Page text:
Thelxinoe ~ Classics News for October 29, 2022

Hodie est a.d. IV Kal. Nov. 2775 AUC ~ 5 Maimakterion in the second year of the 700th Olympiad

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Carmina Nona: Ovid writes to one of his few remaining friends.

Congressus Sīnēnsium…

Welcome to Episode 3 of our Ancient World series, in this episode Bettany heads to the Bay of Naples, where in the middle of a volcanic landscape a Roman city now lies underwater. The Roman city at Baia is now submerged due to volcanic movement, the site has become a vast archaeological marine park, with statues, villas and mosaics visible underwater. Often referred to as the Las Vegas of the Roman world, it was the playground of the Roman elite. Bettany heads to Baia to see the site and Lucy finds out more about how it has become an archaeological park, allowing visitors to explore the remains by diving or snorkelling in the clear waters of the bay.

One of the questions I get asked most frequently is “How can I speak Latin fluently?”. The full answer is in the (Y)PLC course (opening soon!), and here’s a little preview.  Si plura consilia huius generis audire vis, scito cursum meum provectioribus discipulis destinatum mox iterum propositum iri! Si certior de hoc fieri vis, nomen da in pagina infra posita!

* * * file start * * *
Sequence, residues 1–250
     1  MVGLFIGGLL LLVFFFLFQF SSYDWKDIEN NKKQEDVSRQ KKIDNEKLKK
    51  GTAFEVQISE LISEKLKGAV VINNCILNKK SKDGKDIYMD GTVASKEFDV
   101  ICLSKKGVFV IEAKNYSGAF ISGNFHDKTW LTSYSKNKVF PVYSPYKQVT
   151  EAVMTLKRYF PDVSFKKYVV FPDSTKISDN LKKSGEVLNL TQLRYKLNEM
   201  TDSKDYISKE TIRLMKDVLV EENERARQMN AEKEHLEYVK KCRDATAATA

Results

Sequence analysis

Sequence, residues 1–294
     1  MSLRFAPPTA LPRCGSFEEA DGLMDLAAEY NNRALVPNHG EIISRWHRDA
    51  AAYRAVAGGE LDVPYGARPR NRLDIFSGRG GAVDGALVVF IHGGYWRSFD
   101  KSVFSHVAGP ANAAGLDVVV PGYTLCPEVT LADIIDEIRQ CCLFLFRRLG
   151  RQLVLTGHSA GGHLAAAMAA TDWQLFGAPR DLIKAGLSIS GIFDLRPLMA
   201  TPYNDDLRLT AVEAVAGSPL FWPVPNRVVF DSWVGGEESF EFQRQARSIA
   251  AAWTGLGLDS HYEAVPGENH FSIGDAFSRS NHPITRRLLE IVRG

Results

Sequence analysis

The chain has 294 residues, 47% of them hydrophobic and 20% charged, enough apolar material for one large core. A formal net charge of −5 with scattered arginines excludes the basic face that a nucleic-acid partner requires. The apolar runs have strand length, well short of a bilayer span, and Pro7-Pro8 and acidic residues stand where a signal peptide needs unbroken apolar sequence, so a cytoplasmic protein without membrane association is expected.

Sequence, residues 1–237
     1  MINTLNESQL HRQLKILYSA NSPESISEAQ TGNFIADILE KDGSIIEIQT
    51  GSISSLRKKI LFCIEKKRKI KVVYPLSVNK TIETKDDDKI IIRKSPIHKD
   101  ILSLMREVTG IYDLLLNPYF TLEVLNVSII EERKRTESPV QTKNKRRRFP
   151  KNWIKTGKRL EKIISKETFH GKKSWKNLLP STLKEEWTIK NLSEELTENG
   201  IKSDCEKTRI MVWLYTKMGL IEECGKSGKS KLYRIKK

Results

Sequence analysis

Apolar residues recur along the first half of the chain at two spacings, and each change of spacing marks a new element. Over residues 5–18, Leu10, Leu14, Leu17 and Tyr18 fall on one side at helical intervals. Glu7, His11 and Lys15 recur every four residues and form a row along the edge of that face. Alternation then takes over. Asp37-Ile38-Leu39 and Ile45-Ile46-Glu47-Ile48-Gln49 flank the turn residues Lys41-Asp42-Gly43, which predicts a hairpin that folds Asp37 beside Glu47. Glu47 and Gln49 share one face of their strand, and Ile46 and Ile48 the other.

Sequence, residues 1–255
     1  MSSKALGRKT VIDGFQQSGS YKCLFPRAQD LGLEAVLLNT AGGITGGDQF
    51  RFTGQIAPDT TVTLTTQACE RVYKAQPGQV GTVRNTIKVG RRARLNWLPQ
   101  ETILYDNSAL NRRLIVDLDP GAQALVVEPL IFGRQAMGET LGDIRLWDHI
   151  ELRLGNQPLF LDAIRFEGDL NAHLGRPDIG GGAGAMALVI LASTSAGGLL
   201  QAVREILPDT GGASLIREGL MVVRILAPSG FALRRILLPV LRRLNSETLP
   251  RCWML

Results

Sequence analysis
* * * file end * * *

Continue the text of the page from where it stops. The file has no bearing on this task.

The night before battle, a nervous young officer consults a witch, who promises to raise the dead to prophesy for him… Adapted from Lucan, Civil War, 6.413-830, followed by a discussion of Roman witches, zombies, and a lengthy digression on horse rearing!

We spoke with Tim Brooks of the Endangered Alphabets project about the cultural importance of scripts, the pressures on marginalized and isolated scripts, his beautiful wood carvings, and the various initiatives he and his group have been working on to support script revitalization and creation around the world.

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‘Sorting’ Out Your Day:

Today on the Etruscan Brontoscopic Calendar:

[Saturday] If it thunders today, it portends a year of serious disease. 

 [Sunday] If it thunders today, it portends not only prosperity, but fewer enemies and good cheer for the state.

… adapted from the text and translation of:

Jean MacIntosh Turfa, The Etruscan Brontoscopic Calendar, in Nancy Thomson de Grummond and Erika Simon (eds.), The Religion of the Etruscans. University of Texas Press, 2006. (Kindle edition)